Bob Bolin
Business Librarian
225E Love Library
Lincoln, NE 68588-4100

Voice: (402) 472-4418

My Job

I am a faculty member at the University of Nebraska-Lincoln with the rank of Associate Professor. My Curriculum Vitae is available online.  

I work as a reference librarian in Love Library.    I provide reference assistance to individuals at the Reference Desk and orientation and library instruction for classes and other groups. 

As the business librarian, I am the library's liaison with the College of Business Administration. I help faculty, staff, and students of the college use library resources effectively. I also select business related books and other materials for the Libraries.

I am also the library's liaison with the ROTC programs on the UNL campus. I select military-related books and other materials for the Libraries.

In 2012, I took over responsibility for the Foundation Center Cooperating Collection at the University of Nebraska-Lincoln Libraries. I often teach groups and individuals how to search the Foundation Center directory effectively.

In 2013, I was asked to take over responsibilities for the library science collection in the UNL Libraries.

Beginning in June 2013, I assumed responsibility for the Patent and Trademark Resource Center in the Engineering Library at UNL. I also became part of the team of librarians managing the Engineering Library until the engineering librarian position is filled.

In addition to my other duties, I am working with the teaching faculty to help them make effective use of the electronic resources available from the University Libraries. The widespread use of the Blackboard course management software on the UNL campus facilitates the use of electronic resources.

Scholarly Interests

  • Early PB-Number Documents
    I have been concerned with the early Federal technical reports since I realized that that collection is essentially "lost" about 20 years age.

    The modern Federal technical reports system began in 1946 with the creation of the Office of the Public Board and the publication of the Bibliography of Scientific and Industrial Reports (BSIR). The first 150,000 reports are held by the Library of Congress, but they are not listed in the NTIS database or any other online database. I described the situation in my article:

    The "Lost" US Technical Reports: Obtaining Reports from the 1940s and 50s

    I made an early effort to make some of the "lost" documents more accessible with an online index:

    Army Manuals Listed in the Bibliography of Scientific and Industrial Reports,1946-1949

    When I got to the University of Nebraska-Lincoln, I decided to make BSIR, the index to the early technical reports, available online. With the help of the E-Text Center at the University of Nebraska-Libraries, I have begun making BSIR availavle at:

    Bibliography of Scientific and Industrial Reports, an Online Resource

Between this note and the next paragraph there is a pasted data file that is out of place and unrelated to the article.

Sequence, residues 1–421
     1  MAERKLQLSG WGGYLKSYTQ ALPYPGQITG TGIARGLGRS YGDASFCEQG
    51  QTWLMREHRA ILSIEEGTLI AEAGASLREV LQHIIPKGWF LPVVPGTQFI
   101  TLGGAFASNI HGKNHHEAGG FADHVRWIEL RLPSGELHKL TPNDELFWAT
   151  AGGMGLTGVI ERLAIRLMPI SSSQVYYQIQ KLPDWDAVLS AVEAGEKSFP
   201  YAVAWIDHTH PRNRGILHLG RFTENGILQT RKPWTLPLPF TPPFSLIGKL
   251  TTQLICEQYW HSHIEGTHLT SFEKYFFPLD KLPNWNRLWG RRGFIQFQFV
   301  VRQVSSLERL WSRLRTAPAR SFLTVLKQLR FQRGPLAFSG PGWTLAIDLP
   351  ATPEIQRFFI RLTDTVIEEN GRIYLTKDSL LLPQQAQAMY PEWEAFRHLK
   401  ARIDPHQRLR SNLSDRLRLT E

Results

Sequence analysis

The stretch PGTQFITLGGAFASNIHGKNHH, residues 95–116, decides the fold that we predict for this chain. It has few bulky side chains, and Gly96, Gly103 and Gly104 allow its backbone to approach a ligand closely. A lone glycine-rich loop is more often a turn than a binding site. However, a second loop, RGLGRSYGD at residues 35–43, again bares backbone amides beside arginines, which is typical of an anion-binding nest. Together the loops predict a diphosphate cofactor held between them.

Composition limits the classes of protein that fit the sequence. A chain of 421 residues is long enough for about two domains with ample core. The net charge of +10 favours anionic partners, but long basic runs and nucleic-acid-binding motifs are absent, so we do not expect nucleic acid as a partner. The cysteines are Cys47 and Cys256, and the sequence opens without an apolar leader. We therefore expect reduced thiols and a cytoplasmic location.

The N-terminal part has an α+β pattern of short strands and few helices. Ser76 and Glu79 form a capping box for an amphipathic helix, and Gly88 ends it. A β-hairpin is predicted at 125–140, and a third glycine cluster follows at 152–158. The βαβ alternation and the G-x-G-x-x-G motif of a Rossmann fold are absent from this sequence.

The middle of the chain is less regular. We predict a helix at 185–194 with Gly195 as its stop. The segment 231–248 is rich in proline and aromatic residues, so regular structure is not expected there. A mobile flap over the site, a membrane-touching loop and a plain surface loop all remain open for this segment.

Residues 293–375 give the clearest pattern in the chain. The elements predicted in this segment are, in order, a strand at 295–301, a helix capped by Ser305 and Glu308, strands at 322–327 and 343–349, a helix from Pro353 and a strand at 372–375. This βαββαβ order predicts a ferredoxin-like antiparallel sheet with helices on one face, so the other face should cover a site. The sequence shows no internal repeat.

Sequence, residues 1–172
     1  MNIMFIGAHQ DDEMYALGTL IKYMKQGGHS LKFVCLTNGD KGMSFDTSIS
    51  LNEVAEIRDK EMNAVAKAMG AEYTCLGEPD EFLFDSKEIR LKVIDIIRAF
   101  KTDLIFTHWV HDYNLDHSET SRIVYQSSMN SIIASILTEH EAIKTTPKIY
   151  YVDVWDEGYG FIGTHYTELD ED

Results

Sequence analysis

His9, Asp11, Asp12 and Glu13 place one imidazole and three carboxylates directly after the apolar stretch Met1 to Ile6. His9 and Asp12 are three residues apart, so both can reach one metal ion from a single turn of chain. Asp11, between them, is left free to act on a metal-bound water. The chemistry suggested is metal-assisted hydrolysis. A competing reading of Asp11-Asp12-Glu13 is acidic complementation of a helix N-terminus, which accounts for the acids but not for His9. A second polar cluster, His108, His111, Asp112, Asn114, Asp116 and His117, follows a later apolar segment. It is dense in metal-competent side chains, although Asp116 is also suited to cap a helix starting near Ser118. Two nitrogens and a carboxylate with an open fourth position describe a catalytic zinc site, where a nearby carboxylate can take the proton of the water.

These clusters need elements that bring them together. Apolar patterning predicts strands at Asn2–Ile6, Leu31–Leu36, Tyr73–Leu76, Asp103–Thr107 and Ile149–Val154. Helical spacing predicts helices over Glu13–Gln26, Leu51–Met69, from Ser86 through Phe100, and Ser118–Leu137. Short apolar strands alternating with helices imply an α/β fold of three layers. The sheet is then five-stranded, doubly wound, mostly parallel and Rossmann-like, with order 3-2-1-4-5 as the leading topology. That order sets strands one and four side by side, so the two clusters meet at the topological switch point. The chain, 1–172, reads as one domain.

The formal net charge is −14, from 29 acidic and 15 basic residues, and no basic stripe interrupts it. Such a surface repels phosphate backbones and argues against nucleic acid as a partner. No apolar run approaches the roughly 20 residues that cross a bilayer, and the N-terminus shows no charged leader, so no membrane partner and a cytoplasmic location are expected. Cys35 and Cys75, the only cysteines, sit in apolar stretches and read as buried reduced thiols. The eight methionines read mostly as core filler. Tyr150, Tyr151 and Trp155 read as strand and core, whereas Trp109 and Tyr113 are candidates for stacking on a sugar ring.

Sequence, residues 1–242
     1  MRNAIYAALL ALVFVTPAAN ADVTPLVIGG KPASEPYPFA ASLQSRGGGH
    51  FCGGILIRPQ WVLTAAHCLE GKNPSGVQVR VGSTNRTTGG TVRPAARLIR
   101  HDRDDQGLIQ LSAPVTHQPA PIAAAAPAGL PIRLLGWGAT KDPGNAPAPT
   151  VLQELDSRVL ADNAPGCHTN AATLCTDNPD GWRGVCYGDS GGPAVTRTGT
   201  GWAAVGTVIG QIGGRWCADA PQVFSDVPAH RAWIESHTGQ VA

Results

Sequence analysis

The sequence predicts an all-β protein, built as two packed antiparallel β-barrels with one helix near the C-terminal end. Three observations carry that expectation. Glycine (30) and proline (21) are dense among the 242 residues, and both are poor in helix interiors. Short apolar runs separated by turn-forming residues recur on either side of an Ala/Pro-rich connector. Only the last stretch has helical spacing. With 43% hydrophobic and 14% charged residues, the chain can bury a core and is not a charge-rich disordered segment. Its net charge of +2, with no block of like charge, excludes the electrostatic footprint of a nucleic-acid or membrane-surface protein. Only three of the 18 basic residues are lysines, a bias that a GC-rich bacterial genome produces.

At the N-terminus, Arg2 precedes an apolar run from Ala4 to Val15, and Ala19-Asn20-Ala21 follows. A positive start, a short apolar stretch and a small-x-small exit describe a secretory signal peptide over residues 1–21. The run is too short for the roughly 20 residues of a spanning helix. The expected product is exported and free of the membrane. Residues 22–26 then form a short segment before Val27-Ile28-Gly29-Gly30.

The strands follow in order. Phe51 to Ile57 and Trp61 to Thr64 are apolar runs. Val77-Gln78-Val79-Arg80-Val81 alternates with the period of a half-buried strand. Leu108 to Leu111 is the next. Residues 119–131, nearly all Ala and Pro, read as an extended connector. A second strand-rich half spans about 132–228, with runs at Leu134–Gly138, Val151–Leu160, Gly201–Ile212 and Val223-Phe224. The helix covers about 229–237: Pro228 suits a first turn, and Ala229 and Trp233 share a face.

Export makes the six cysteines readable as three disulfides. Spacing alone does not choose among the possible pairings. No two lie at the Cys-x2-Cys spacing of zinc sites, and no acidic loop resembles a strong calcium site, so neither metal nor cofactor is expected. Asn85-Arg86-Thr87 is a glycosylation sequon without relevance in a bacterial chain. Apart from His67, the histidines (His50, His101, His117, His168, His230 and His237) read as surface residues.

At this point, BSIR Online is a successful demonstration project. Although scanning and OCRing the text in BSIR and tagging the text has proven easy, copy editing, standardizing entries, and regularizing usages to create an accurate finished product has proven very slow and time consuming.

    I have come to realize that a better solution to the problem of the "lost" technical reports would be to have the entire collection digitized. Ideally, it would be freely available on the Web -- maybe through Google Books. It could also be available as a commercial database. I have written to the Library of Congress and to organizations technically capable of digitize the collection to explain why it is important and why digitizing the collection would be a service to scholarship and humankind and why it could be a commercially successful venture. I will continue to lobby on this issue as I continue with BSIR Online.

  • The History of US Army Technical Intelligence Organizations
    I am working on an article on the origins and evolution of Army technical intelligence organizations. In order to organize the material I have gathered, I am preparing a hypertext chronology. An early version is available at:

    Army Technical Intelligence Chronology

  • The Mechanical Pencil Industry in Chicago
     I am particularly interested in the histories of the Autopoint and Dur-O-Lite companies and in the career of C.R. Keeran.  I have made some material related to Autopoint and Dur-O-Lite on this Web site:

    Pencil Research Page

  • Computing and Scholarship
     One purpose of my research efforts is to see how I can use computer applications.

    An article on Using Sorted Lists for Error Checking" was published in the journal Library Philosophy and Practice.

  • The Organization of Knowledge 

    In Fall 2003, I taught an American Studies class, AMST 301, Studies in American Culture, at the University of Idaho. The theme of the class was "the Organization of Knowledge in Modern America." Thirty juniors and seniors took the class.


I am a bike commuter. Most mornings for several years, I rode my bicycle from Moscow, Idaho, to Pulman, Washington, and back before work. That was a trip of 14 miles. In August 2003, I made my 1000th trip.    Exercise was my excuse, but my real reason for going is to meet with a group of delightful friends at Starbucks.  Here are a couple of  pictures of me at Starbucks on the Moscow Highway in Pullman in June 2003. It is not surprising to have frost on the bridges in June in Northern Idaho, and Idressed accordingly.

University of Nebraska-Lincoln, Lincoln, NE 68588-4100
2004 by Robert L. Bolin.  All rights reserved

URL:'s Home Page.htm
Version 8.19b, 16 May 2013